Brazil’s president, Luis Inácio Lula da Silva promised to reduce rain forest deforestation, and it’s working. Deforestation is already down 40% so far this year, including an extraordinary 68% drop in April. President Lula also appointed Sônia Guajajara as its first Indigenous woman in a key governmental role. She will be managing a new Ministry of Indigenous Peoples.

The United States has been undertaking a decades-long initiative to destroy its stocks of   chemical weapons, and has now was destroyed the last one.

In the Galapagos Islands ocean, where the shallow-water coral reefs have been badly damaged by ocean heating, a large healthy reef has been discovered in deep water. It’s not only a terrific resource, it’s also very fruitful ground for careful, respectful study of healthy coral reefs.

The United Kingdom has banned forbidden the cosmetics industry for using animal testing.

Nestle’s successor bottling company, BlueTriton, will no longer be removing tens of millions of gallons of water annually from the San Bernardino National Forest, thanks to the California State Water Board having issued a cease and desist order.

The European Union now has a battery regulation which encourages battery recycling at a level never achieved before in the western world.

Back in the United States, a $124 million donation to historically Black colleges and universities is designed to increase effectiveness at all levels of university education: enrollment, graduation rates, and employment rates.

With huge support from the Bill and Melinda Gates Foundation and Wellcome, a new tuberculosis vaccine could save 8.5 million lives over the next 25 years. Previous TB vaccines have been ineffective against latent disease, but this one has a 50% effectiveness rate for those patients.

Joe Biden’s expansion of veterans’ care in the United States is showing results. 2023 set all-time records for veteran health care.

Justine Lindsay, a woman of color, is the NFL’s first trans cheerleader. And for the Carolina Panthers, no less.

In a victory for disabled people, who are often excluded from enjoying natural pleasures, Greece has built accessible adaptive chairs on 200 of its beaches.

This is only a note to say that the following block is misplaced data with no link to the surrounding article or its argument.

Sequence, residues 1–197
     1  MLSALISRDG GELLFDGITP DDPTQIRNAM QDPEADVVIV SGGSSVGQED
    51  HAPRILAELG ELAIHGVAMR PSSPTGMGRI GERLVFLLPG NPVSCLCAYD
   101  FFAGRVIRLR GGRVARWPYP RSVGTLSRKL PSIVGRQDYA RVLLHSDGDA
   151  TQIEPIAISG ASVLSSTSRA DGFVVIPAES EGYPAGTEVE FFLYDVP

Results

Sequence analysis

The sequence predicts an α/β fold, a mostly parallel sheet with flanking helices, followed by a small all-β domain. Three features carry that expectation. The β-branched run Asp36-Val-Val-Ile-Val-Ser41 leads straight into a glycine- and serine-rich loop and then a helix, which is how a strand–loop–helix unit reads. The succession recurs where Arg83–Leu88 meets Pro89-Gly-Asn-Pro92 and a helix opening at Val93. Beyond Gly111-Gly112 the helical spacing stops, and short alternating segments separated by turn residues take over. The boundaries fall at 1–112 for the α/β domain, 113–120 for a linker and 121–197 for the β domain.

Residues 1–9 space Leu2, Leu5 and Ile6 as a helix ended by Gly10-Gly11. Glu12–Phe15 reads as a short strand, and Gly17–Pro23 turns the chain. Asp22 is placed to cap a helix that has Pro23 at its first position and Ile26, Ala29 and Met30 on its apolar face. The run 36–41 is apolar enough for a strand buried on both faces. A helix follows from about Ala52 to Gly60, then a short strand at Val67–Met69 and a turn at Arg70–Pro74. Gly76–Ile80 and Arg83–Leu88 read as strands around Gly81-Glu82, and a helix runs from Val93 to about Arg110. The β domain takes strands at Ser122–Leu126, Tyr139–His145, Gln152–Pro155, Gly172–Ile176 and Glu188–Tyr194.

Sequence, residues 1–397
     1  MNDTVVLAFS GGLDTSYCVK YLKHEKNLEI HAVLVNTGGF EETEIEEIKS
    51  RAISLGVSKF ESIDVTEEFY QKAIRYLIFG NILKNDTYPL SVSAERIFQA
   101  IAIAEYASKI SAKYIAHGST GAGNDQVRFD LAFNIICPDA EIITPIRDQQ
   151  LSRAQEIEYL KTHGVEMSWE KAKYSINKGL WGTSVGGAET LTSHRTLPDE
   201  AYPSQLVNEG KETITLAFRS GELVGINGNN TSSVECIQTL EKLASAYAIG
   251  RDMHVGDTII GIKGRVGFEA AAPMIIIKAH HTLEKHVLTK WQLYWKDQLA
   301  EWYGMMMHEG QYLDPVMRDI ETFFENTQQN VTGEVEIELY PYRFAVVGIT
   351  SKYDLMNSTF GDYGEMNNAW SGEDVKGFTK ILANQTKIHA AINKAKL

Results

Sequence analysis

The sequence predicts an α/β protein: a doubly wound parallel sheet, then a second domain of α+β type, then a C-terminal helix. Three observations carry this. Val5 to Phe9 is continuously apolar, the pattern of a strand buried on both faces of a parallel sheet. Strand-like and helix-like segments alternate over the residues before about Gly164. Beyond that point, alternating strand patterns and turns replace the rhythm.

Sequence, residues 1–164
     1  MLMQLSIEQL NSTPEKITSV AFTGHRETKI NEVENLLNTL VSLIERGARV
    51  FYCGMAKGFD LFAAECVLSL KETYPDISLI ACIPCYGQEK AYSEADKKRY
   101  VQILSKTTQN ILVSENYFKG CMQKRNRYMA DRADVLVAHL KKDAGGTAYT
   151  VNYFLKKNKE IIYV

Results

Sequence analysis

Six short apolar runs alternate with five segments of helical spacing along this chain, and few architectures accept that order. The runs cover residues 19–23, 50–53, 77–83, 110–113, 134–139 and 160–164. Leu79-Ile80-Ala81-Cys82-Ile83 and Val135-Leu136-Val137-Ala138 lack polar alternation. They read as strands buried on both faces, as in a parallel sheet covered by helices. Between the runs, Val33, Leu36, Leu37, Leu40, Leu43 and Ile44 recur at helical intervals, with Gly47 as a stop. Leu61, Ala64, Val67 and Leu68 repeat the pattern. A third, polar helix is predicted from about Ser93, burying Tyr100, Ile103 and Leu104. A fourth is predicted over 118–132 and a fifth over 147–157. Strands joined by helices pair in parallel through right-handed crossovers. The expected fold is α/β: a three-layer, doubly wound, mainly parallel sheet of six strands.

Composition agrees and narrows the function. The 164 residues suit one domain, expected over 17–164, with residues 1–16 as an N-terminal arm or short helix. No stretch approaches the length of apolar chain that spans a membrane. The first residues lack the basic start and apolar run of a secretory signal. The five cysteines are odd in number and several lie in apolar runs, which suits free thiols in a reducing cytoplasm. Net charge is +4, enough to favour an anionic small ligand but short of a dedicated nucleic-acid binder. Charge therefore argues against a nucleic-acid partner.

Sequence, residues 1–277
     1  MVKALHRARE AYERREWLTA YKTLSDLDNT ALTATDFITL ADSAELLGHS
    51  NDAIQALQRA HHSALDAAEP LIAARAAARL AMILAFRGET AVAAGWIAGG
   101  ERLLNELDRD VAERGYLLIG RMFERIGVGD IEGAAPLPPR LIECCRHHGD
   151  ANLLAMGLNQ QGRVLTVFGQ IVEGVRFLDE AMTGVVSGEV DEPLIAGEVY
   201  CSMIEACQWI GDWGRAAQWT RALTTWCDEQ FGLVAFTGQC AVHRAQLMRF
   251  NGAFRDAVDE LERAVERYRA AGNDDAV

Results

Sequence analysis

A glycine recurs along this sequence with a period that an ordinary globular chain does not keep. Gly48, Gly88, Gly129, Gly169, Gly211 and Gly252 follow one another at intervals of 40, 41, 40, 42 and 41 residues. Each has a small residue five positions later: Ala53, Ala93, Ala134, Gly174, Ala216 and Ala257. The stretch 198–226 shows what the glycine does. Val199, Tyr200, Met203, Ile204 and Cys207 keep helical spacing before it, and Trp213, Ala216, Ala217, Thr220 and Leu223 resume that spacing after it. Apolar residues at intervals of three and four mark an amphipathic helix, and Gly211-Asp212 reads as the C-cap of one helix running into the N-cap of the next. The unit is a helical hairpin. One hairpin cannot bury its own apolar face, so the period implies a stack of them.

New York City passed a weight and height discrimination law!

Canada has adopted a major nature agreement. Working with the province of British Columbia and First Nations, this is not only a step towards Canada’s goal of protecting 30 per cent of its natural resources by 2030, it’s also a historic partnership with the tribes.

Finally, 2023 has been an extraordinary year for labor union victories. The United Auto Workers ran a very targeted and thoughtful campaign which resulted not only in major wage increases but also brought the workers in electric vehicle plants into the new agreement. The Writers’ Guild and Screen Actors’ Guild achieved historic victories, while continually reminding people that low-wage union workers are critically important to support. UPS won large wage increases, pensions (including for part-time workers) and the extremely important concession of air-conditioning in all UPS trucks. Kaiser Permanente’s three-day strike resulted in a large wage concession and guaranteed efforts by the organization to encourage new employees.

This post could be 100 times longer, too.


So much of the good news in this post comes from the indomitable Jessica Craven, who publishes a list of good news every Sunday to accompany her activist newsletter, Chop Wood, Carry Water. If you need weekly good news, subscribe (come for the good news, stay for the daily calls to action).

Debbie has deleted her Twitter account. Follow her on Mastodon.

Follow Laurie’s Pandemic Shadows photos on Instagram.